It's not a good movie, but nor is it all that terrible. Star John Carradine called it the worst movie he ever made. Of his prolific film career, he said, "I only regret Billy the Kid vs. Dracula. Otherwise, I regret nothing." Really? The truth is that Carradine made movies far worse than this, The Astro-Zombies (1968) for one, the trailer for which is included on Kino's sparkling new Blu-ray disc. It's not even Carradine's worst Dracula movie.
The picture exhibits sloppy direction and writing, with many obvious goofs and narrative inconsistencies. That said, it is a professional, if low-budget film, populated with good actors who'd appeared in Universal's classic horror films of the 1940s and, more significantly, classic Westerns. A surprisingly number of cast members regularly worked with director John Ford, for instance, including Carradine himself. Unquestionably the movie's biggest surprise is the sizable role given to actress Olive Carey, whose screen career dates back to 1913 and who by all rights could be regarded as the "mother hen" of the American Western. Startlingly, she plays what is essentially the Professor Van Helsing role in the picture.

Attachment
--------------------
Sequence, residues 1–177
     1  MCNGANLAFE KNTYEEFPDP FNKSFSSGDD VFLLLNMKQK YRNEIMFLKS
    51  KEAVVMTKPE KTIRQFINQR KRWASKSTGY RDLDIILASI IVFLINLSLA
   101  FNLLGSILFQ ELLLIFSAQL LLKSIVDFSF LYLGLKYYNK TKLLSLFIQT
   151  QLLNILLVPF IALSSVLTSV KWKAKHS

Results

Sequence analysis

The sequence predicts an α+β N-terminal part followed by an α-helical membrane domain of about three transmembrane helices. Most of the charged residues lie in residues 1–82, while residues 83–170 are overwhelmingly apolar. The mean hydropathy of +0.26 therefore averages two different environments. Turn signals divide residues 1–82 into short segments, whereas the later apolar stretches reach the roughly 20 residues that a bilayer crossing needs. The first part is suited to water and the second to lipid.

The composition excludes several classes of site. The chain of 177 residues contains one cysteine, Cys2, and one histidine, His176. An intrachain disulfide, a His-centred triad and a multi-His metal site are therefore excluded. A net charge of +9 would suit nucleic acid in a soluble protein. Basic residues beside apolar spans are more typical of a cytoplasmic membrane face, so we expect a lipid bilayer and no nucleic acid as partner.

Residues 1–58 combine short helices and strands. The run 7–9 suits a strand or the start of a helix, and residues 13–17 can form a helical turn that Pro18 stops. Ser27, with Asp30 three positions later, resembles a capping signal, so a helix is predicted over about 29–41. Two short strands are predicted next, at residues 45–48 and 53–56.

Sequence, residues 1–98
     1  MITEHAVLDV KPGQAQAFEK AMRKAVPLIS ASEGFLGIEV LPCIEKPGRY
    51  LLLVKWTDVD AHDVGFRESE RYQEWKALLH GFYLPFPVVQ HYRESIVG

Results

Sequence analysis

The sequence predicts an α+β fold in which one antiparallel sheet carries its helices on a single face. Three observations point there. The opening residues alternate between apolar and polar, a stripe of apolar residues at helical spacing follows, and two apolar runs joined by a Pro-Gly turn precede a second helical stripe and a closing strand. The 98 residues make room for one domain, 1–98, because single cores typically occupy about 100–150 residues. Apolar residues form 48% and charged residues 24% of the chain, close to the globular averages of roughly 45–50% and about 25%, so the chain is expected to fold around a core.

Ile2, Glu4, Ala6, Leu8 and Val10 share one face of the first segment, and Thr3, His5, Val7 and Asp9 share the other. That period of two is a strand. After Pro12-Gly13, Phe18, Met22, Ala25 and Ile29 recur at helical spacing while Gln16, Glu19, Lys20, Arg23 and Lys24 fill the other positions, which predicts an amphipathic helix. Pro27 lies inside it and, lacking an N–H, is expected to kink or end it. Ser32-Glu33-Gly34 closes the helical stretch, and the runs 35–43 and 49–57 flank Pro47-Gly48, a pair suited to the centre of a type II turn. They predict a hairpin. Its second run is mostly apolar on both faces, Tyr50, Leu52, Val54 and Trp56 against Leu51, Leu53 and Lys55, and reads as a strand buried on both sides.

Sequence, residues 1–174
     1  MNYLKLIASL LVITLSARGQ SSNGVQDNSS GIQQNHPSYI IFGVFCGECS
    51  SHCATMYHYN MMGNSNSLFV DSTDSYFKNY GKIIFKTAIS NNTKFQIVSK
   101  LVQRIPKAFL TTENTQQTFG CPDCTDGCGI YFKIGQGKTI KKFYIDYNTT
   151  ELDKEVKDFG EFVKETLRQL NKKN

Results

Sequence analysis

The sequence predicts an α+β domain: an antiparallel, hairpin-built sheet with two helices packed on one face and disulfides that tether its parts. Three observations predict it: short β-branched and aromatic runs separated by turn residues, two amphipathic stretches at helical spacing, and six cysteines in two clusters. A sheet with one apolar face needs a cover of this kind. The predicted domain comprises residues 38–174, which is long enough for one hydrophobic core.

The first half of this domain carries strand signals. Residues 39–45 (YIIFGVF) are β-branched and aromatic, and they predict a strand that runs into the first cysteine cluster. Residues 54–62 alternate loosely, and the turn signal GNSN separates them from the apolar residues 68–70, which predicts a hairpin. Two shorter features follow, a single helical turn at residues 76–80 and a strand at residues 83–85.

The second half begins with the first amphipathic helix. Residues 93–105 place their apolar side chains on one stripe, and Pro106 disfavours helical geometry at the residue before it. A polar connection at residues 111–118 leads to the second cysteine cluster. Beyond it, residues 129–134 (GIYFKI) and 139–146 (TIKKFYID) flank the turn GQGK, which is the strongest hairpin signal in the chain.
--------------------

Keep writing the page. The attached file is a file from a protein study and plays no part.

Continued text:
William H. Bonney, alias Billy the Kid (Chuck Courtney), depicted here as a reformed outlaw, is the foreman at a cattle ranch owned by Betty Bentley (Melinda Plowman), to whom Billy is engaged. Meanwhile, Betty's mother (Marjorie Bennett) and uncle, James Underhill (William Forrest) are among the stagecoach passengers traveling to Betty's unnamed western town. En route, they pick up a mysterious passenger (John Carradine), a vampire who earlier had sunk his teeth into the neck of Lisa Oster (Hannie Landman), the daughter of German immigrants Eva (Virginia Christine) and Franz (Walter Joanovitz). The man, obviously Count Dracula but never called that once in the film, just as mysteriously vanishes at a stagecoach stop, and soon after the stage is ambushed and all aboard are massacred by Indians.
Dracula turns up in town, assuming the identity of Uncle James, part of a plot to make virginal Betty his undead bride. Eva and Franz, now working for Betty, quickly become aware of "Uncle James's" true nature, with Eva pleading with Betty to follow her seemingly superstitious instructions to place wolfbane about her bedroom's window frame, and to keep a cross at her bedside. Betty doesn't believe her, nor does Billy, but folksy town doctor Henrietta Hull (Olive Carey) isn't so sure.